This is the seventh contribution in our forum on securitization theory in the U.S. John Owen is Taylor Professor of Politics at the University of Virginia and, during the Fall of 2015, a Senior Guest Scholar at the Center for Transnational Relations, Foreign and Security Policy at the Free University of Berlin. He is author of The Clash of Ideas in World Politics (Princeton).
I hesitated before agreeing to write this entry, because although I view the Copenhagen School with sympathy and admiration, I neither belong to that school nor have a sure command of its literature. Being an increasingly senior academic, however, I cannot allow a little ignorance deter me from pronouncing on the topic at hand: Why has securitization theory been received so poorly in the United States?
My strong sense is that the reason is related to the indifference with which American IR views much constructivist scholarship in general. Indeed, there are two related reasons. On our side of the Atlantic, it appears that securitization theory is just another form of critical theory, and it is not at all clear that securitization scholars are interested in causal explanation. These appearances may bear little relation to reality, but, as securitization theorists should appreciate, that does not make them any less powerful. Let me take the two reasons in turn.
When a certain type of American IR scholar reads an abstract focusing on the subjectivity of threats – e.g., claiming that the rise of China or differential birth rates in Israel have been securitized – that scholar will infer that the paper presumes that there are no real threats out there. What Hamlet says of Denmark – “there is nothing either good or bad, but thinking makes it so” – is applied by the Copenhagen School to IR, albeit in much more sophisticated form. In other words, although IR scholars in the United States are typically quite critical of U.S. foreign policy (they certainly were in the Bush 43 years), most operate from a baseline realist axiom: some actors and trends really are threatening to a country, regardless of speech acts in that country. No doubt many or most securitization theorists would agree that the external world sometimes threatens a country independent of the way actors in that country talk, in which case we have two scholarly communities talking past one another. In any case, at issue is analytical focus. The IR-security scholarly community in the United States is at pains to produce work relevant to policy makers. Some of this work is qualitative (International Security, Security Studies), and some quantitative (Journal of Conflict Resolution, and the various political science association journals). Nearly all is impatient of scholarship that seems uninterested in or skeptical of the notion that some threats are impervious to actors’ efforts to securitize or de-securitize. In my view, the ultimate source of this baseline realism is American hegemony – but that is another story.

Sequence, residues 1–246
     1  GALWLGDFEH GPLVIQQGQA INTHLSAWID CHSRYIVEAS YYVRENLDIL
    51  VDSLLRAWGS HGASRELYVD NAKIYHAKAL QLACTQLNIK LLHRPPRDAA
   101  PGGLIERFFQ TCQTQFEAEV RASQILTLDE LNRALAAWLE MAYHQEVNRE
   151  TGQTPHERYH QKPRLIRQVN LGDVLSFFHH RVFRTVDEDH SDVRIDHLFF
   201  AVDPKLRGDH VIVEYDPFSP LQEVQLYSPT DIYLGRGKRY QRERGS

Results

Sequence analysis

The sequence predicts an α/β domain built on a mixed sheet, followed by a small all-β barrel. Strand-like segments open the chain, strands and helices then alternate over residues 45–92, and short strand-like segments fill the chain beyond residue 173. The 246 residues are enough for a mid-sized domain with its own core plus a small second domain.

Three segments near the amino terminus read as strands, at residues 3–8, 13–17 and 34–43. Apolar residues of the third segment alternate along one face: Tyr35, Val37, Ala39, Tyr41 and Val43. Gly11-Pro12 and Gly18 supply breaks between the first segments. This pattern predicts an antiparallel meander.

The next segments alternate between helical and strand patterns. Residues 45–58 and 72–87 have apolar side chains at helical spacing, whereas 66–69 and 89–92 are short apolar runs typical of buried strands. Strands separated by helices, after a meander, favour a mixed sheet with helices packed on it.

Second, in the United States securitization scholarship suffers from a reputation for being uninterested in full causal explanation. Mainstream U.S.-based IR has absorbed various late-twentieth-century critiques of positivism and settled on a view that explanation entails two types of statement: those about conditions (X causes Y …) and those about mechanisms or processes (… by means of or through M). E.g., state A’s regime opacity (condition) causes war with state B (outcome) by limiting information to B about A’s capabilities and intentions, which leads to miscalculation (mechanism). Securitization scholars generally appear strong on mechanisms, but weak on conditions. Without conditional statements, one is left wondering how much work securitizing speech acts are really doing. It is easy to find cases of actors attempting and failing to securitize something; an infamous one is FDR’s failure to securitize Nazi Germany for Americans in the 1930s (see Ronald Krebs, “Tell Me a Story,” Security Studies 24:1 ). Those cases raise suspicions in the opposite direction: if the allegedly securitizing actors had not said what they said, might not state or trend still be a threat? Or, perhaps the efficacy of the securitizing speech act – the receptivity the speech act finds among audiences – is itself a function of other, untheorized, conditions. And, to return to the first point above, perhaps one of those conditions is how objectively threatening the state or trend is. In any case, once those conditions are posited, we need research designs that allow variation in those conditions and in the outcome (securitization success or failure) to be explained. We also would want to know conditions under which a state or trend is likely to be de-securitized.
I may be wrong that these related concerns are responsible for American skepticism about securitization. Even if I am right, securitizationists’ two-fold reputation for radical skepticism and causal incompleteness may not be justified. For their part, securitization scholars may take my remarks as a challenge, a pity, or confirmation of what they already suspected.